NEW YORK -- Until this week, Yankees general manager Brian Cashman was arguably the member of Georgetown Prep's Class of 1985 who regularly generated the most news headlines. That changed immediately when Neil Gorsuch received President Donald Trump's nomination for the vacant Supreme Court seat.Cashman and Gorsuch, an appellate judge
NEW YORK -- Until this week, Yankees general manager Brian Cashman was arguably the member of Georgetown Prep's Class of 1985 who regularly generated the most news headlines. That changed immediately when Neil Gorsuch received President Donald Trump's nomination for the vacant Supreme Court seat.
Cashman and Gorsuch, an appellate judge for the Denver-area U.S. Court of Appeals for the 10th Circuit, schooled together in the Washington, D.C., suburbs for two years. The Yankees GM was one of 50 Georgetown Prep grads who signed a letter urging members of the Senate to confirm Gorsuch.
"Based upon the two years I went to high school with [Gorsuch], he was extremely intelligent, and a high-character guy," Cashman told the New York Daily News. "I thought he was a tremendous choice [for the Supreme Court vacancy]."
The letter was addressed to Senate Majority Leader Mitch McConnell, Minority Leader Charles Schumer of New York, Judiciary Committee Chairman Chuck Grassley and ranking member Dianne Feinstein.
It read, in part, "We are doctors, lawyers, teachers, writers, engineers, actors, civil servants, bankers, coaches, artists, consultants, entrepreneurs, and yes, the General Manager of a Major League Baseball team that has won the most World Series Championships in history."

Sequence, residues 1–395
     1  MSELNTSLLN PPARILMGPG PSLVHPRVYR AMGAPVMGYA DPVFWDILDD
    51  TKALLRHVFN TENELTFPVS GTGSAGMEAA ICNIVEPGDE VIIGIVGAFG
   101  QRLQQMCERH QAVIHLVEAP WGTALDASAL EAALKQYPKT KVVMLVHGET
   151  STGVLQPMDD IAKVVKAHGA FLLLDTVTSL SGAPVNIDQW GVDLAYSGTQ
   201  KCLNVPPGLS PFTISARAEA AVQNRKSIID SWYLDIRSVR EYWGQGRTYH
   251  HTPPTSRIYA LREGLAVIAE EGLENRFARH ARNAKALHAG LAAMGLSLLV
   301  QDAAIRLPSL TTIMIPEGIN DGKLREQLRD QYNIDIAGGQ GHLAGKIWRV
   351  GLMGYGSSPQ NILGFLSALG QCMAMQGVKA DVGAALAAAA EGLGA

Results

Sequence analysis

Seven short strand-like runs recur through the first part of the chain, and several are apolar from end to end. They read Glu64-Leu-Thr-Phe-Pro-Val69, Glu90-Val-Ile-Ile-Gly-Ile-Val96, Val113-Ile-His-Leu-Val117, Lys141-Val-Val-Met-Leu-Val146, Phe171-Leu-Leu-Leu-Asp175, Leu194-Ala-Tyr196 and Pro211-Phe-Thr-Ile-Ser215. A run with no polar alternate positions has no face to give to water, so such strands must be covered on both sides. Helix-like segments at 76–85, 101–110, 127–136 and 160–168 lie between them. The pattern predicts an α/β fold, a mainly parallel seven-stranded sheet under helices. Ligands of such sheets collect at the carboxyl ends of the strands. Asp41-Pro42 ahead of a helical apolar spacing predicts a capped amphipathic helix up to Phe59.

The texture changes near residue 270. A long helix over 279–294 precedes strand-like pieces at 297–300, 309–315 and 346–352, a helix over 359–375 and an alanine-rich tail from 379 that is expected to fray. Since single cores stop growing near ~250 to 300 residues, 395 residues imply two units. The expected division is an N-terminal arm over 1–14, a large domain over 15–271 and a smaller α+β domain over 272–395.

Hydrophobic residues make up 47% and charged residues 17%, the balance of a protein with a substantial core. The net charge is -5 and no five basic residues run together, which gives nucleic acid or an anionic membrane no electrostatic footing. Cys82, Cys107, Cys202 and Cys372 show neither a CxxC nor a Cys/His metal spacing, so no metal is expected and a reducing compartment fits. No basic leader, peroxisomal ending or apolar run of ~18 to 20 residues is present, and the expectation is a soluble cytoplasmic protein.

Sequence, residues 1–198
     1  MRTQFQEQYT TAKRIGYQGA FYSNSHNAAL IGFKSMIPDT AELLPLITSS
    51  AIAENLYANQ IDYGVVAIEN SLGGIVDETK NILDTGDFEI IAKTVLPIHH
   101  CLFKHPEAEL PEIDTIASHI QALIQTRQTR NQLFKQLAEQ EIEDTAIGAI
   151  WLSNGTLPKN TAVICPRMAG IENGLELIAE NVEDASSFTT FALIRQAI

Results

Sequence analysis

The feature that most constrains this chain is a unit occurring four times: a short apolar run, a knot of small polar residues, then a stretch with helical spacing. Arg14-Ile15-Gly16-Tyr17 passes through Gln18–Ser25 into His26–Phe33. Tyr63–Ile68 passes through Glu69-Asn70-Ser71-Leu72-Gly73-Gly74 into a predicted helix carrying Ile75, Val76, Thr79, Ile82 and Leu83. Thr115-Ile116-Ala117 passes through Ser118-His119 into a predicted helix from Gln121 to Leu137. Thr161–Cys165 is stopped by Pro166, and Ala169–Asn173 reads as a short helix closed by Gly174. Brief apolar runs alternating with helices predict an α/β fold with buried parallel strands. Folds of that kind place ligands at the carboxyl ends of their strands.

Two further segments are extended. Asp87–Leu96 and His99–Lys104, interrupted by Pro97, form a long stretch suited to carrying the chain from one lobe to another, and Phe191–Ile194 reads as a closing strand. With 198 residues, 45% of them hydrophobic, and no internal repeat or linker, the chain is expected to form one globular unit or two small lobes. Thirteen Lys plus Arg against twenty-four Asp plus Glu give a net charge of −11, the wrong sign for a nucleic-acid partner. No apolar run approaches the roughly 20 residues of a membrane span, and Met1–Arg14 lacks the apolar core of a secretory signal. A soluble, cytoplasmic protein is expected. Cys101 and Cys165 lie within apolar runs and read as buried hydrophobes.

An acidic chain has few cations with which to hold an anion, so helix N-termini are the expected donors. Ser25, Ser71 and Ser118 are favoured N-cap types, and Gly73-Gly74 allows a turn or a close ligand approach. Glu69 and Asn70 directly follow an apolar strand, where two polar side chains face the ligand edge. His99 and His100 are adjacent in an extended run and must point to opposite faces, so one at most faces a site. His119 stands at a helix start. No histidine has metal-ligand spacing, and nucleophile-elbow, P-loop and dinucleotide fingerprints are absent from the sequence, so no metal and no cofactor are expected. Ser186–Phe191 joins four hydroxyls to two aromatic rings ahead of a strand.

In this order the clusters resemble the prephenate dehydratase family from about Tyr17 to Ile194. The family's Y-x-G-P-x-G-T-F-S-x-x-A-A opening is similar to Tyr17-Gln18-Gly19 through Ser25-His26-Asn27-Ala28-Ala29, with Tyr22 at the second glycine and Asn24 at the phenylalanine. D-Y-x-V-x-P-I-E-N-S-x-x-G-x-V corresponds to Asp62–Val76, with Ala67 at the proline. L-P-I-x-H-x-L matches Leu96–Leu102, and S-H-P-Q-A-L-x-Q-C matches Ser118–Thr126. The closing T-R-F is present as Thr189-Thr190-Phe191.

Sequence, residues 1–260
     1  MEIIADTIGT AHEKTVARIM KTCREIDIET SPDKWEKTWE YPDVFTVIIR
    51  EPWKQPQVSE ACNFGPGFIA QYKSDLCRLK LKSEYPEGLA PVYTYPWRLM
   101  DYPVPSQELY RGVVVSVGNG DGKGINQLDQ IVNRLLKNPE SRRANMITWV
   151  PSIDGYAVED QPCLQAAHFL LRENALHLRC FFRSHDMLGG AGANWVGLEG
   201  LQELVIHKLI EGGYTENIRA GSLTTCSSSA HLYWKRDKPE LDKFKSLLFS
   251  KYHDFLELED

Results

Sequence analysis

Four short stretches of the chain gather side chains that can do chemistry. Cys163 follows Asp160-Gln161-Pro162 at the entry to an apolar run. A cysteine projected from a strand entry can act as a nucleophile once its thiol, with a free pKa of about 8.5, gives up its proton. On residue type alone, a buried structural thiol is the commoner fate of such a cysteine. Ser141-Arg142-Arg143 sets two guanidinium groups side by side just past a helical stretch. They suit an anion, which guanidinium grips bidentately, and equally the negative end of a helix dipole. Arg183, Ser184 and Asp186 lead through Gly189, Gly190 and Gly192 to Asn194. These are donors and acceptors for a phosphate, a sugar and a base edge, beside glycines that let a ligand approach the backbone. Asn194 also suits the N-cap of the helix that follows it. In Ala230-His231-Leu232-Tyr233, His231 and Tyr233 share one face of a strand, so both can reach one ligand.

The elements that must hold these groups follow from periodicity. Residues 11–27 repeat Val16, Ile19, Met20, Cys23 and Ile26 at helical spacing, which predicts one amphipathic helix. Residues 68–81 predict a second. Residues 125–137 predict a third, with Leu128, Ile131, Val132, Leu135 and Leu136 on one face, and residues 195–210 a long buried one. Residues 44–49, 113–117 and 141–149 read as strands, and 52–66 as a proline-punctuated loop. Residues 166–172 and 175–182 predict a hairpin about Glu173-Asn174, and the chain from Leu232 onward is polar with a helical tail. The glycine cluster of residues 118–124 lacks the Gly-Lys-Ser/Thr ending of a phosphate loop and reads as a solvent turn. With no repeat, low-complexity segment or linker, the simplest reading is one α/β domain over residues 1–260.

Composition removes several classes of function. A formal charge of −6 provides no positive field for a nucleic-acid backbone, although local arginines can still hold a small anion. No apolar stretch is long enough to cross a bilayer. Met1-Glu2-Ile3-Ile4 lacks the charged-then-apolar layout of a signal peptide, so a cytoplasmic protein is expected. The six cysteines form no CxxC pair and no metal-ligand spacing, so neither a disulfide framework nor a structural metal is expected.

Cashman moved from Lexington, Ky., prior to his junior year of high school, transferring to the North Bethesda, Md., private school.
While Cashman made his mark as a three-sport athlete, Gorsuch was voted class president in their senior year together at Georgetown Prep. Cashman said that he and Gorsuch were friendly in school, and though he and the nominee have not kept in touch over the years, he tracked his classmate's career with interest.
"He's a good man. I'm not qualified to speak to his decision-making as a judge, but I think it would be hard to find fault with the person," Cashman said. "He'll obviously go through the vetting process. But the person I knew back then was a very smart, very humble, extremely bright young man.
"It's a great opportunity for [Gorsuch] and I'm very proud. Hopefully it will be smooth sailing for him."
Bryan Hoch has covered the Yankees for MLB.com since 2007. Follow him on Twitter @bryanhoch and on Facebook.